Gergis (Ancient Greek: Γέργις), also known as Gergithus or Gergithos (Γέργιθος) or Gergithes (Γέργιθες), and later Kerge, was a town in ancient Troad, on the north of the Scamander River. It was inhabited, according to Herodotus, by descendants of the mythical Teucrians. Herodotus also records that it was passed by the Persian army of Xerxes I on the way to Abydos in 480 BCE. In the time of Xenophon Gergis is called a strong place; it had an acropolis and strong walls, and was one of the chief towns of the Dardanian princess Mania. King Attalus of Pergamus transplanted the inhabitants of Gergis to a place near the sources of the Caicus, whence we afterwards find a place called Gergetha or Gergithion, near Larissa Phrikonis, in the territory of Cyme. The old town of Gergis was believed by some to have been the birthplace of the Sibyl, whence coins found there have the image of the prophetess impressed upon them.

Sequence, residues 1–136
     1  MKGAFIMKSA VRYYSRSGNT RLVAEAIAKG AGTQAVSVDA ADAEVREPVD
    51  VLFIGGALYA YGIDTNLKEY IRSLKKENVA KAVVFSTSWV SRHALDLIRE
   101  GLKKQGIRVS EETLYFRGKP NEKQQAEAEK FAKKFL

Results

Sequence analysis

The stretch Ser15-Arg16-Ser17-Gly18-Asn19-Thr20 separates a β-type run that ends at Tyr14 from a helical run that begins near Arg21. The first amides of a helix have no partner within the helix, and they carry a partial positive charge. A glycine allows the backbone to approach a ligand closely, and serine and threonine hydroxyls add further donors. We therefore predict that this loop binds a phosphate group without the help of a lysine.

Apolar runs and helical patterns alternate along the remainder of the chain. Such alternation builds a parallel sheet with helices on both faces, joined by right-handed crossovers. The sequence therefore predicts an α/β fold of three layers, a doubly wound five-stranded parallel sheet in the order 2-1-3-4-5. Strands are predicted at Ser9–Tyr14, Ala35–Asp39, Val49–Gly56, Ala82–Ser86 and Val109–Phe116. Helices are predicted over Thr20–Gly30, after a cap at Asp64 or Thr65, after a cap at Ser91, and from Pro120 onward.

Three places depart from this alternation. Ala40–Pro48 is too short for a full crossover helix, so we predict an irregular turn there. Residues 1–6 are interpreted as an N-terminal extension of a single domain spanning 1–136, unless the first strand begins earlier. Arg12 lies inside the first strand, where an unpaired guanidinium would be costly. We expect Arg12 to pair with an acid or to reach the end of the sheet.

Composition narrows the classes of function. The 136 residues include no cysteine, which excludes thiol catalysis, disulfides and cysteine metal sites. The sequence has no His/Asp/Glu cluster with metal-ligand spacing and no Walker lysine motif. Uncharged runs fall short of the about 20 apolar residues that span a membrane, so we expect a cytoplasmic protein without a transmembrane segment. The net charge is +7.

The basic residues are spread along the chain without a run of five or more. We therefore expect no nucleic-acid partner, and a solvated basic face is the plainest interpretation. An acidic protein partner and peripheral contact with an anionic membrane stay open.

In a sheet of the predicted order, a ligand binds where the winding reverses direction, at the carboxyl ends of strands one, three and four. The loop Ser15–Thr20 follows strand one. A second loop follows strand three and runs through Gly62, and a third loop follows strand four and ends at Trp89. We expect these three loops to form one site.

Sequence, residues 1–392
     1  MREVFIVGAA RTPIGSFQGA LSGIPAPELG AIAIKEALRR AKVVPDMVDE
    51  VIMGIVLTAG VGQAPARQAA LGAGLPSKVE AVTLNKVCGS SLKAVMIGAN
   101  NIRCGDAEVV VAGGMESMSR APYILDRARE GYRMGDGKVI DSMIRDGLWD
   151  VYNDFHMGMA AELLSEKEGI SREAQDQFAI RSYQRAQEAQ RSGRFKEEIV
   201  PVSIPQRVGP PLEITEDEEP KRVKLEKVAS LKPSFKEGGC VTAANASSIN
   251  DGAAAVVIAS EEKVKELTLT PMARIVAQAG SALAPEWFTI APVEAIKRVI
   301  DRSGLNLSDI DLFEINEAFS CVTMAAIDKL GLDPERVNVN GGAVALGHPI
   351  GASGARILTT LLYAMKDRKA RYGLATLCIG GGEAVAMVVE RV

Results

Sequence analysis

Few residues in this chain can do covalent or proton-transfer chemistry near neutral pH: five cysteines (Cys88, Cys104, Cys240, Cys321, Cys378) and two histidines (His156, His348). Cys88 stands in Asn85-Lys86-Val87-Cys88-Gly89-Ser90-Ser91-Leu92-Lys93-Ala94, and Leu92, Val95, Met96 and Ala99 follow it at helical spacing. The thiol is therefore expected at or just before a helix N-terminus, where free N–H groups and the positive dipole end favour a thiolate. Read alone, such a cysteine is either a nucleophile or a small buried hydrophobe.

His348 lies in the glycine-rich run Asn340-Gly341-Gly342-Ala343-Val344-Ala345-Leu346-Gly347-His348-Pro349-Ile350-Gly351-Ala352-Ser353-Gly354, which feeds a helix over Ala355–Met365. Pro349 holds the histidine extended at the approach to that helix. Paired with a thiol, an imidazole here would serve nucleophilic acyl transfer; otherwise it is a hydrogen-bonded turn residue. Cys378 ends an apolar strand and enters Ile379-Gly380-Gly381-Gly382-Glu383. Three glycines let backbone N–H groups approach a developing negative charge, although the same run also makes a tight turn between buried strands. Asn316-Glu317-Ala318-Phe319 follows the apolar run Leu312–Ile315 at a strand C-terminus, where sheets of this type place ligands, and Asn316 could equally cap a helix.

Gergis may refer to the following places and jurisdictions:
in AfricaGergis, Libya, an ancient city and former bishopric in Libya, now called Zargis and remaining a Latin Catholic titular see as Gergis
Gergis, Tunisia, an ancient city in Tunisia, now called Zarzisin AsiaGergis (Troad), a place from Antiquity on Mount Ida in the Troad, present-day northwest Anatolia (Turkey)Gergis (genus) is a genus of grasshopper in the subfamily HemiacridinaeMount Ida (Turkey)
Mount Ida (Turkish: Kazdağı, pronounced [kazdaɯ], meaning "Goose Mountain", Kaz Dağları, or Karataş Tepesi) is a mountain in northwestern Turkey, some 20 miles southeast of the ruins of Troy, along the north coast of the Gulf of Edremit. The name Mount Ida is the ancient one. It is between Balıkesir Province and Çanakkale Province.